"Again my thoughts are with Sarah, her family and her loved ones."
The officer was not on duty at the time she vanished.
Speaking to journalists outside Scotland Yard on Wednesday morning, Assistant Commissioner Nick Ephgrave said: "The fact that the man who has been arrested is a serving Metropolitan Police officer is both shocking and deeply disturbing."
He told reporters that detectives are working "at all speed" to find out what has happened to Ms Everard, and repeated appeals for members of the public to come forward with information.
Turning to the 33-year-old's family, who along with her friends have issued desperate appeals for help via social media, he said: "As a father myself, of four young women, I can only imagine the anguish that Sarah's family are feeling at this very very difficult time."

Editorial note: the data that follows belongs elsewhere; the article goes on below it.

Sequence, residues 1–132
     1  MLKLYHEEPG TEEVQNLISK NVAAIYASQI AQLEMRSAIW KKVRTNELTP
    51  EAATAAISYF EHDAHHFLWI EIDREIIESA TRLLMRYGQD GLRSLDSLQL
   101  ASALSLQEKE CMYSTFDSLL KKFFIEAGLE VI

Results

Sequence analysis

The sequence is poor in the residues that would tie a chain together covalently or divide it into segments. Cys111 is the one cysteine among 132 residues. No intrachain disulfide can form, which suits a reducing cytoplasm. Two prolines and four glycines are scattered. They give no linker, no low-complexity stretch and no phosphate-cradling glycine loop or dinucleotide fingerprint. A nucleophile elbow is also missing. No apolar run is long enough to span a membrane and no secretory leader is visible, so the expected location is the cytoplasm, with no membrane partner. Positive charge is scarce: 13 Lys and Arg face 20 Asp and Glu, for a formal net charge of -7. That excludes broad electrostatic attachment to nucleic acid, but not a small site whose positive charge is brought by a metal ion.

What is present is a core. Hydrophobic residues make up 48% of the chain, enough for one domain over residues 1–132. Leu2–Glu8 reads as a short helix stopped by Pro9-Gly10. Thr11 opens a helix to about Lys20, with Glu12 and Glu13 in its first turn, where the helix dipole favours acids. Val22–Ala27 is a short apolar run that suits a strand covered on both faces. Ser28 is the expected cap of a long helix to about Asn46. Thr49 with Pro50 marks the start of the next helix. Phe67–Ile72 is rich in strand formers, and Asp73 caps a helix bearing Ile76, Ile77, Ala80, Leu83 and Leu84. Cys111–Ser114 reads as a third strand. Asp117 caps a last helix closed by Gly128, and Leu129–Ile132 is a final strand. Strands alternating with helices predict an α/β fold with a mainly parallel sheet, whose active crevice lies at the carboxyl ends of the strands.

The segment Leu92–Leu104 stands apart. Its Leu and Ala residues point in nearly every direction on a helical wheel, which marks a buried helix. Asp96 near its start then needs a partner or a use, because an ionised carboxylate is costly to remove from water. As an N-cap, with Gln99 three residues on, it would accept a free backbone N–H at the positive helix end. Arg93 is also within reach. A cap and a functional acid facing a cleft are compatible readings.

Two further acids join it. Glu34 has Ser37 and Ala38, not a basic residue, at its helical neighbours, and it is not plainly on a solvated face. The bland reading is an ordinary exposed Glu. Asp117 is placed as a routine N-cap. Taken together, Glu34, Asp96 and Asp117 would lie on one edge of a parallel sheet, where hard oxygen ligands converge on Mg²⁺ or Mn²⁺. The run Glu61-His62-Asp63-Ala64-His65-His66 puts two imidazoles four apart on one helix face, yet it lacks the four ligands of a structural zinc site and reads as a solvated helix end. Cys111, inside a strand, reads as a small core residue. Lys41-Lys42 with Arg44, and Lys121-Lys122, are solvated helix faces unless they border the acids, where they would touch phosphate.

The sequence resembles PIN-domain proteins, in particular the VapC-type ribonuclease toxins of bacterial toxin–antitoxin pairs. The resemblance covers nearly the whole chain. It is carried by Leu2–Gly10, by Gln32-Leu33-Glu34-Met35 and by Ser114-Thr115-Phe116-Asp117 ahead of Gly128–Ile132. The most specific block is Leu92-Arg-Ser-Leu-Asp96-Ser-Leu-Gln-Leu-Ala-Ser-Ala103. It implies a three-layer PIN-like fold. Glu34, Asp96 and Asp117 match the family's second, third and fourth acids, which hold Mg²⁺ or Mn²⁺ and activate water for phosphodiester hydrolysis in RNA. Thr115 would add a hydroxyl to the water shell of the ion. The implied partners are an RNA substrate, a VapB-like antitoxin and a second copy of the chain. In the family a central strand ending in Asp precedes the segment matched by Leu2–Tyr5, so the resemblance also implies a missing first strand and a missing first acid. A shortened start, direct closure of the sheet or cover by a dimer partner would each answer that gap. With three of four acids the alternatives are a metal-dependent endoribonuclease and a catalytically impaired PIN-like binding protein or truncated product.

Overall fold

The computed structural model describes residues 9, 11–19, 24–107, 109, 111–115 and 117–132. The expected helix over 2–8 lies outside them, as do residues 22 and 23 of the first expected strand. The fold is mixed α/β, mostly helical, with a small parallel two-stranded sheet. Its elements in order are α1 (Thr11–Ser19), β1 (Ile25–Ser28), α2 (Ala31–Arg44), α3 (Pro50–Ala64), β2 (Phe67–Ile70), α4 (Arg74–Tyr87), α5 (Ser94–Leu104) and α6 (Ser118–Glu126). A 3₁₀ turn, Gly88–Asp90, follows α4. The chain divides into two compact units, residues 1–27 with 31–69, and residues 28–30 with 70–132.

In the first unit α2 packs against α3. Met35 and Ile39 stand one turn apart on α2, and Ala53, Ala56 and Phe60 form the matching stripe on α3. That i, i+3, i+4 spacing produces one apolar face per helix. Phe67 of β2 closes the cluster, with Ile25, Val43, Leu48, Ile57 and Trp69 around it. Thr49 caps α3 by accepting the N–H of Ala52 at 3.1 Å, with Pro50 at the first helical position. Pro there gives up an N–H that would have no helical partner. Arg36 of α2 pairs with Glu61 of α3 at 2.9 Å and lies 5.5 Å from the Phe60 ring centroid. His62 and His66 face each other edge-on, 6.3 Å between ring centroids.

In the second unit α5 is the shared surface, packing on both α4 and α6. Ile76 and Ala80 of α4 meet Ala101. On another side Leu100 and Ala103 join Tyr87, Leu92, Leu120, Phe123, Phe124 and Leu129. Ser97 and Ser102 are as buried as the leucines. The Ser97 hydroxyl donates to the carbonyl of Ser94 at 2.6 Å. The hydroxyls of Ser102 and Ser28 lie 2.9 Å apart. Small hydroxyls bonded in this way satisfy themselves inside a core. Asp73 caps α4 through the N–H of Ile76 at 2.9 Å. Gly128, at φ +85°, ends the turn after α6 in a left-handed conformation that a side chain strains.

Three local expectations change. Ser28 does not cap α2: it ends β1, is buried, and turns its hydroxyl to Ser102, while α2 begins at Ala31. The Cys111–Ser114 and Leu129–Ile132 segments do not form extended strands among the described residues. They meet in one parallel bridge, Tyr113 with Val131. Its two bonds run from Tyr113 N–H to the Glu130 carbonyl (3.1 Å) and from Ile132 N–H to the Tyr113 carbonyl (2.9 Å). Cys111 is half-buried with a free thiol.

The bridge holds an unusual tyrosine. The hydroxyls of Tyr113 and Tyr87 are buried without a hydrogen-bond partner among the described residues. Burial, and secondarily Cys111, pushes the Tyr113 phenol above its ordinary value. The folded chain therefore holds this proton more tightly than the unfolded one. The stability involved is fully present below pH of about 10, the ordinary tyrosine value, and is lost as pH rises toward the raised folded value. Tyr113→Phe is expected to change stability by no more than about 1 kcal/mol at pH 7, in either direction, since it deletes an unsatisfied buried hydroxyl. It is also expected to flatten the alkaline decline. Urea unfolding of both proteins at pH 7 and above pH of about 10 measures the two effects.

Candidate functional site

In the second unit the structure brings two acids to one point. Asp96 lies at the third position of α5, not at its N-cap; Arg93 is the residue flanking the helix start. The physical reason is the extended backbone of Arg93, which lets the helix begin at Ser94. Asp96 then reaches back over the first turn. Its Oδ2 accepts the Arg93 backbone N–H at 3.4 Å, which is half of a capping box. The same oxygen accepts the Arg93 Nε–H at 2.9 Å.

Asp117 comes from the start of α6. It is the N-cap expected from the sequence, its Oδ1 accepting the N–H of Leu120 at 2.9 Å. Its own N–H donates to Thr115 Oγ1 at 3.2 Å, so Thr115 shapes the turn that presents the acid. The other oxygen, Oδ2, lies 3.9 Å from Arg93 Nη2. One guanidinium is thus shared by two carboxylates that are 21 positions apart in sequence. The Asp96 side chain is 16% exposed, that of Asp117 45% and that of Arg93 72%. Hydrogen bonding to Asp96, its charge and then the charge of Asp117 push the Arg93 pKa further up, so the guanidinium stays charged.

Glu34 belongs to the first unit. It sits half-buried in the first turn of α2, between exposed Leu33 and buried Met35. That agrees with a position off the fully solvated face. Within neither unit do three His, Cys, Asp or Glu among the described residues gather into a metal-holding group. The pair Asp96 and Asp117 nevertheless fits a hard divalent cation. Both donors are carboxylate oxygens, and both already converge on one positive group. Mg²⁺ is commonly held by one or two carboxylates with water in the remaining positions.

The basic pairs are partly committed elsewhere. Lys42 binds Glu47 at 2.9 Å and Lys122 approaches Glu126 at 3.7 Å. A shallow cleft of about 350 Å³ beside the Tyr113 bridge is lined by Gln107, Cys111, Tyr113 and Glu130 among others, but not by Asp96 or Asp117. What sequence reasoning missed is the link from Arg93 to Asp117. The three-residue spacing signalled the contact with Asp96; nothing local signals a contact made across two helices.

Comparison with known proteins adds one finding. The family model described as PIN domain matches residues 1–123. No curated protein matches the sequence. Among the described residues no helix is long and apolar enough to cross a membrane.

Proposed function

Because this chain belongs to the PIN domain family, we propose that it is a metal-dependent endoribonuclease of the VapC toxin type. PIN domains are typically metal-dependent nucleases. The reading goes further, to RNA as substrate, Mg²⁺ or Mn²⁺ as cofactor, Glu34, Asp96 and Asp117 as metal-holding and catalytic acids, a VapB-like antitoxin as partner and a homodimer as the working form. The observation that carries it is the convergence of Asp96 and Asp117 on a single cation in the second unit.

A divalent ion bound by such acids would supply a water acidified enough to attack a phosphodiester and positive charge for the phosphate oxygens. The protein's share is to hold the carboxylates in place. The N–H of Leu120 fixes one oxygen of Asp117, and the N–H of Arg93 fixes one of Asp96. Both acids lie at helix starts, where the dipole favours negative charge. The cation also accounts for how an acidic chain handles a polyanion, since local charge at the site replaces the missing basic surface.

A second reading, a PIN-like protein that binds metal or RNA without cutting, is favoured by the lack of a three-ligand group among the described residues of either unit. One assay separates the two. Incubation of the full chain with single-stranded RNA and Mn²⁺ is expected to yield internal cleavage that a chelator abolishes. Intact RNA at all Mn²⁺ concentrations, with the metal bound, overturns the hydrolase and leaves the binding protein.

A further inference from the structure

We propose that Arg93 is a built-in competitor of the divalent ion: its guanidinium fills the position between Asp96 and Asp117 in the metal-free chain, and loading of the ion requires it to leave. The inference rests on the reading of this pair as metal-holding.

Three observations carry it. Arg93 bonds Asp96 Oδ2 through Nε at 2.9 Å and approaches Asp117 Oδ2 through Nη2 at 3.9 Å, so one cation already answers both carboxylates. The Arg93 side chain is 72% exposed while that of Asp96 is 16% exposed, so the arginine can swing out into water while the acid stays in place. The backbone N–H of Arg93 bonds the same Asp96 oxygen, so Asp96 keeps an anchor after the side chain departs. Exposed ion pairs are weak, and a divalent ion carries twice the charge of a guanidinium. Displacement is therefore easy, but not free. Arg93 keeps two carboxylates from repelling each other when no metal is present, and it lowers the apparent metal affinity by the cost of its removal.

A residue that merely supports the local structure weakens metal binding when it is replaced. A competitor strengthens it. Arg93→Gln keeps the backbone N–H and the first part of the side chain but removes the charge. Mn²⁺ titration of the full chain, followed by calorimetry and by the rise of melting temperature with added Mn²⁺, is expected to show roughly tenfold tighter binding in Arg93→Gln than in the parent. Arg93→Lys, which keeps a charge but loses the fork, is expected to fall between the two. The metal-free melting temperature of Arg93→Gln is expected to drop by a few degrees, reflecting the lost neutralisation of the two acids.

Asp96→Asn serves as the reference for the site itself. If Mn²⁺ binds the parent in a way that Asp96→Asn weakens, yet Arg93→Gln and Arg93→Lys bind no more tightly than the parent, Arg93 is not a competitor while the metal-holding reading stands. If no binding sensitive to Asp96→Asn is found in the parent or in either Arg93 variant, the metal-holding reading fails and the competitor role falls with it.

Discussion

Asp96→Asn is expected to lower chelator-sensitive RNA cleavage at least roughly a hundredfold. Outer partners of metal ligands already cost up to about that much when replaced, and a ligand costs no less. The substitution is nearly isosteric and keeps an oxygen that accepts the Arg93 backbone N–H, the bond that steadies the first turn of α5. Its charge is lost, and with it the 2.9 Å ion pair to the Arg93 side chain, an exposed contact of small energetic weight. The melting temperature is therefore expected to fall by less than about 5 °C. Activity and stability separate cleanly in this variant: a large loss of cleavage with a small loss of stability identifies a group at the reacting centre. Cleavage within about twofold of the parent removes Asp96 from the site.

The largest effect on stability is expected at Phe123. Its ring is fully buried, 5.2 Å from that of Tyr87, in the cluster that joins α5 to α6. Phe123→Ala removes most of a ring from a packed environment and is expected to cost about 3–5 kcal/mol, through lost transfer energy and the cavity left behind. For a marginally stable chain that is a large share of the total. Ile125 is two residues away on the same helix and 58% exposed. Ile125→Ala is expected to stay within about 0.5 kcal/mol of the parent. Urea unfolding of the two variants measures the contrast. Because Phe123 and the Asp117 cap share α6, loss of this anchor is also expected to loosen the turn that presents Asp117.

Ms Everard is thought to have walked through Clapham Common towards her house in Brixton - a journey which should have taken around 50 minutes.
She was last captured on a doorbell camera walking along the A205 Poynders Road towards Tulse Hill at around 9.30pm on March 3.
The case has been referred to watchdog the Independent Office for Police Conduct because it involves a police officer.
A spokesman said it had been decided that the Metropolitan Police would investigate any potential conduct issues linked to the kidnap and murder allegations itself.
The IOPC is currently assessing whether any further action should be taken in relation to the actions of police after Ms Everard was reported missing.